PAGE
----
Skateboard park plans coming to life
After more than a year of planning, the Havre Park and Recreation Department will break ground on a skateboarding park Friday.
The ceremony will be held at 8 a.m. on Friday at the future site of the park, on a pocket of land at the base of the hill where Robert Patterson Memorial Park sits. The skate park will sit between Patterson Park to the south and Ninth Street to the north.
Havre Mayor Bob Rice said Wednesday he hopes the project will be done by the end of the summer.
"We've got the engineering all done up and we're ready to go to work," said Rice, who has been a major supporter of the project, which is estimated to cost between $60,00 and $80,000.
Skateboard Association president Steve Evans said there are between 100 and 200 skateboarders in town who would use the park, and possibly more.
Evans said the project would be good both for the kids, and for business owners downtown.
"I wanted to get the kids off the streets," Evans said. "The kids aren't going to be downtown any more. It should make them really happy."
First the dirt will be leveled off and a 60-by-120 feet concrete slab will be poured, Park and Recreation director Dave Wilson said Wednesday. The modular components - ramps, rails, and other obstacles that can be occasionally rearranged on the slab for greater variety - may not be in Havre for eight weeks, he said.
The Skateboard Association is considering using fiberglass components from Rec Ramps, a Calgary-based company, Evans said.
The company also insures the equipment for about $1 million per claim, Evans said, so the city would not be liable for injuries sustained on the equipment.
A representative from the association or the city still has to go to Calgary to inspect the components, Rice said.
Wilson said there will also be a 120-feet-long retaining wall along the hill on the south side that will help reduce the likelihood of erosion problems at the site, and also function as a quarter-pipe for skateboarders.
"All this is contingent on still having the funds," Wilson said. "We're very close to having all the funding."
Skateboard Association treasurer Charlie Grant said the association is about $2,000 short of the amount required to buy the equipment for the park. The association has the money for the concrete slab, he said, and has received many pledges to donate materials and labor.
Grant said that the current slab and equipment is only the first phase, and that the association will still need between $20,000 and $30,000 to complete their first plans, which include putting another slab with more equipment below the first slab.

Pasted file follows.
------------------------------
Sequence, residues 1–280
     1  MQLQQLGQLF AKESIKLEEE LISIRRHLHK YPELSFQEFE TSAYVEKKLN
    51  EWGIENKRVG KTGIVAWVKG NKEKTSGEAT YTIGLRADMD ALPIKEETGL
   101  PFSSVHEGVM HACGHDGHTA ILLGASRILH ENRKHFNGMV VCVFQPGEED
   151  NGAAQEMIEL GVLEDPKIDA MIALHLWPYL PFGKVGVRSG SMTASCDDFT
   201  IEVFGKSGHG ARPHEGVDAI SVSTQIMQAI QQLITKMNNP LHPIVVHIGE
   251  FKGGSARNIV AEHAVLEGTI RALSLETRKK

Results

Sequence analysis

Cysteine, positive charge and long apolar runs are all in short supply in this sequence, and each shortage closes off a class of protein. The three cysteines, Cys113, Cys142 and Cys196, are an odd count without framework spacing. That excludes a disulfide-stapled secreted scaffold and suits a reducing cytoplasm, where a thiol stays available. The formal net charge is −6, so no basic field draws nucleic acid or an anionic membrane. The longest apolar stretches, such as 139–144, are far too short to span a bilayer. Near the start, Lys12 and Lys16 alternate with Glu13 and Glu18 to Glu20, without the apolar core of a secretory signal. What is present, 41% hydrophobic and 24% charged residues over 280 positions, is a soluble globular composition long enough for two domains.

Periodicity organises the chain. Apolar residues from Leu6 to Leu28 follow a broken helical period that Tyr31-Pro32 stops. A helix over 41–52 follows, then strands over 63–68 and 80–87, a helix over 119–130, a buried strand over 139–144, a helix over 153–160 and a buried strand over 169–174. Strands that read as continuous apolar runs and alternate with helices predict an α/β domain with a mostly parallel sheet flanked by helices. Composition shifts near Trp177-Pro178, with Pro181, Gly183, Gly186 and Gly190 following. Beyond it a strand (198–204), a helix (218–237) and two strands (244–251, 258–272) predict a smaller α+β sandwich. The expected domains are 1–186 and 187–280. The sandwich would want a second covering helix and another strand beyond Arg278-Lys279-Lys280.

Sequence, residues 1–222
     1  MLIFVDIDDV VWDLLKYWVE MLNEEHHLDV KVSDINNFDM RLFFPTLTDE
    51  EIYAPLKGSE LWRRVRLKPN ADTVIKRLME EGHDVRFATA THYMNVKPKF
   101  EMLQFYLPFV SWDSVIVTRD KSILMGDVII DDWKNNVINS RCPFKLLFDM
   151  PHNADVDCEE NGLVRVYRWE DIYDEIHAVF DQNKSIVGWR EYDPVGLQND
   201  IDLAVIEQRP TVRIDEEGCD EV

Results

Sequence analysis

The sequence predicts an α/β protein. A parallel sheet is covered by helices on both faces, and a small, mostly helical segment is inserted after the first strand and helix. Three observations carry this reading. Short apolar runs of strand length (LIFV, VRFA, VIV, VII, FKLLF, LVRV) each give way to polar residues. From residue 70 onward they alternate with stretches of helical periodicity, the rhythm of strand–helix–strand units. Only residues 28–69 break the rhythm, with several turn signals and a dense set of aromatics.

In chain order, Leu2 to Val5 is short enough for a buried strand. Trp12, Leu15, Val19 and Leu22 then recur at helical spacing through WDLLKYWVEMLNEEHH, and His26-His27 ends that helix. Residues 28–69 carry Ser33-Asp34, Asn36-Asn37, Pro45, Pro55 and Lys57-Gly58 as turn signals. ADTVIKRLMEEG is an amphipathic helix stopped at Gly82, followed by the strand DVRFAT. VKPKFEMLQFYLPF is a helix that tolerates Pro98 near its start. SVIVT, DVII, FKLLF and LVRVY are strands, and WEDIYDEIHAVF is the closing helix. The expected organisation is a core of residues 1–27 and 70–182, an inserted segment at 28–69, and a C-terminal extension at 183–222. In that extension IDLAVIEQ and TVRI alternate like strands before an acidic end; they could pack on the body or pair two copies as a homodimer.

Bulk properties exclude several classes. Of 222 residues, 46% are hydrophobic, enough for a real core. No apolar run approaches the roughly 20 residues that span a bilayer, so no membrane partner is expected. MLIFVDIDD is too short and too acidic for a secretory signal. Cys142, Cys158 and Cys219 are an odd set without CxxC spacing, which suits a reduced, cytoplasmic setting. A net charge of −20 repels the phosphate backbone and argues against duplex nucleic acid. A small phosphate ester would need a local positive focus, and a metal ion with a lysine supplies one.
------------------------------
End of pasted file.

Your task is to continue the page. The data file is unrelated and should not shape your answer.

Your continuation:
"It's going to cost the taxpayers very little if any," he said.
Evans said the local Lions and Rotary clubs, the Sleeter Foundation, and numerous businesses and individuals have helped raise money for the project.
The city put forward $10,000 from its Capital Improvement Program for the project last year, Wilson said. About $12,000 was raised for the project at the Mayor's Ball fund-raiser in January. The city and the skateboard association have also applied for a few different grants that could mean more than $25,000 dollars for the project, he said.
There are plans for next summer to add lights, a fence, and landscaping around the park, Rice said.
Grant said the idea for the park started about three years ago when a group of parents got together with Bob Rice and formed a loose organization to plan a skatepark. Before that time, Grant said, some children were being charged with trespassing, a felony, for skateboarding on businesses' property downtown, and also city streets and sidewalks.
"I didn't want to see all these kids getting rap sheets for nothing," said Grant, who joined the effort in the spring of 2002. "It's going to give a lot of independent-minded youth a chance to develop their own individual skating ability."
The Skateboard Association was incorporated in June of 2002, formed a board, and began fundraising, Grant said.
Last fall it began meeting with different equipment vendors for the park, he said.